One chief at the Shefa consultation urged the government to take away the possibility of 75-year leases.

The provincial consultations are intended to advise the minister of the island or village location where custom decisions on land are taken – whether the nasara or nakamal. In Shefa it was clearly agreed that the farea is the place which should be mentioned in legislation. Another question – and all the questions were answered on a regional basis (for example by groups from South Efate, North West Efate, Nguna/ Pele, Shepherds) – concerned whether the minister could, or should, sign a lease where a dispute is concerned, and the answer was a definite “No.”

The dispute must be resolved in custom first of all. There was also a question as to the desirable number of people who might represent any land-owning or land-claiming group and 15 seemed to be the preferred number. A question was also asked concerning who might be able to decide on behalf of others, like a child for an elderly parent.

A Nguna/Pele chief observed, “We didn’t have disputes in the past. New people came in to our areas as users of the land, not owners. Sometimes there were ‘mankam’ (foreigners to that island), but all land always belonged to the indigenous owners, and that continues until today. Lawyer Timakata agreed saying that custom cannot change. “Amendments can only affect the law, not custom.”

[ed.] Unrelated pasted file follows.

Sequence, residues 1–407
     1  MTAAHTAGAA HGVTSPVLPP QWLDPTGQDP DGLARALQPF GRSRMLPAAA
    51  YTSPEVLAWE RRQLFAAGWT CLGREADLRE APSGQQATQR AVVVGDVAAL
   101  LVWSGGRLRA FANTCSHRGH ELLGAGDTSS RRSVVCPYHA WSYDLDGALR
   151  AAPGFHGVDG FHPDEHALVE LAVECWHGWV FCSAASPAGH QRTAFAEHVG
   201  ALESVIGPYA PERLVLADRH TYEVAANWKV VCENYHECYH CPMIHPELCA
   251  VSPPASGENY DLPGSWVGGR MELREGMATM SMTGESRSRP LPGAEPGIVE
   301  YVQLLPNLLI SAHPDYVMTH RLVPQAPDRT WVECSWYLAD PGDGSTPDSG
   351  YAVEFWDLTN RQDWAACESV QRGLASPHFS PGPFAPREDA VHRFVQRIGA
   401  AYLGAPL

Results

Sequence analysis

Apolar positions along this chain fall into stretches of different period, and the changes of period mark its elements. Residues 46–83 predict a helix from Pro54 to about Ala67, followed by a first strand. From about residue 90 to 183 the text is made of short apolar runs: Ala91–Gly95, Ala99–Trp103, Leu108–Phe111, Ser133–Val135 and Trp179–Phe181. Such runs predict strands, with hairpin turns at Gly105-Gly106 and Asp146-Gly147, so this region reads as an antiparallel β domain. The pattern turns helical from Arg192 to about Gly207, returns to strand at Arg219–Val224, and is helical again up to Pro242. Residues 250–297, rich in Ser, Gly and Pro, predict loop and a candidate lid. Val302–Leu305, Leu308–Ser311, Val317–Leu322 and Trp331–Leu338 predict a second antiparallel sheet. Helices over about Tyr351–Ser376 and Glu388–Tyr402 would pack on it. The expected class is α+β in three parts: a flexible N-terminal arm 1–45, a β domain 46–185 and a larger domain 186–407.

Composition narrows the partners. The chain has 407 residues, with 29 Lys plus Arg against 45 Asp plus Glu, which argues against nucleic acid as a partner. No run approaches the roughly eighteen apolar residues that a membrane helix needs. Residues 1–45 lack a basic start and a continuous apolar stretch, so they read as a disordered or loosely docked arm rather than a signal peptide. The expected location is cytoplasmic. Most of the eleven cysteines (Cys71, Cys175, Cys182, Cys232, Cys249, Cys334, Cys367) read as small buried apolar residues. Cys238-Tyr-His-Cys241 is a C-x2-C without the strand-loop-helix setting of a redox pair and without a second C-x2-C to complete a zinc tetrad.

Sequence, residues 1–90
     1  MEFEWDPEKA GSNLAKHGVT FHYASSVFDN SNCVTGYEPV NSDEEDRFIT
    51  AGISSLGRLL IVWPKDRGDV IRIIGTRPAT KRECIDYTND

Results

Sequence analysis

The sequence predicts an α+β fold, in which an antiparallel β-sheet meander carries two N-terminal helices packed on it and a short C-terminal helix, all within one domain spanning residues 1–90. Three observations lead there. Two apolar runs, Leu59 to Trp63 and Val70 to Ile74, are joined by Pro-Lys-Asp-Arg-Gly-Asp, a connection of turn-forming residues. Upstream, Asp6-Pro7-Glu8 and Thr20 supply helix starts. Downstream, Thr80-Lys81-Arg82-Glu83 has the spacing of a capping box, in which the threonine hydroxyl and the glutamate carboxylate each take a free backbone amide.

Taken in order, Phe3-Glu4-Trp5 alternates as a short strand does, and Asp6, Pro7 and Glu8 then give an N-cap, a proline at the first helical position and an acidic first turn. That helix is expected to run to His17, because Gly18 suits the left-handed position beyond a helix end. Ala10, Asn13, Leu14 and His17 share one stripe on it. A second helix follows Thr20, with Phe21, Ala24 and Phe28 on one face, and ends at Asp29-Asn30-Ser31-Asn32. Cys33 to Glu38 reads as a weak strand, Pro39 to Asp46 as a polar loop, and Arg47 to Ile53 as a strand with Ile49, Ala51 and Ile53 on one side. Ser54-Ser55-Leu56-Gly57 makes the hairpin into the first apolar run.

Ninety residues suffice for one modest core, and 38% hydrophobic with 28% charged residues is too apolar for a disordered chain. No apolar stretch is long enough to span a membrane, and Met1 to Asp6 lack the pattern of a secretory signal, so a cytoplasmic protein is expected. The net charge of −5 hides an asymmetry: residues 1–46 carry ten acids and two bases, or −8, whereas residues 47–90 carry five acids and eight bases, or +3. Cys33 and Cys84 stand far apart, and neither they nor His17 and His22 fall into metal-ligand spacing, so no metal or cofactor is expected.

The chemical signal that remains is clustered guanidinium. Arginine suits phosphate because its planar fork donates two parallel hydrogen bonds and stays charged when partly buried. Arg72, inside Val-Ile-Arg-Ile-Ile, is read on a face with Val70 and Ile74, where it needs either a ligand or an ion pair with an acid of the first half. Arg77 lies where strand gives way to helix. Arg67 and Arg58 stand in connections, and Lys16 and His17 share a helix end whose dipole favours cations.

One man from Malekula pointed out why the consultations are necessary now. “In 2006, there was agreement over all sorts of questions. But in 2013, we are still wrong. Governments have done nothing to take up the resolutions of the Lands Summit.”

The questions are now being answered, and the Minister’s visit to all provinces, along with his legal and Malvatumauri advisers, continues. This makes sure all the questions remaining are answered. Thereafter, we in Shefa were led to believe, there will be some of the most important legislation since independence on MPs’ tables in the November sitting of parliament.

We do well to remember that land was one of the most important things for which independence was fought: ‘all land must go back to its custom owners’ was the cry 33 years ago.

The explanatory 20-page booklet in Bislama, ‘Plan blong ol jenis,’ which everyone attending the provincial consultations receives, and which details the proposed changes to the land laws, can be downloaded at the government website: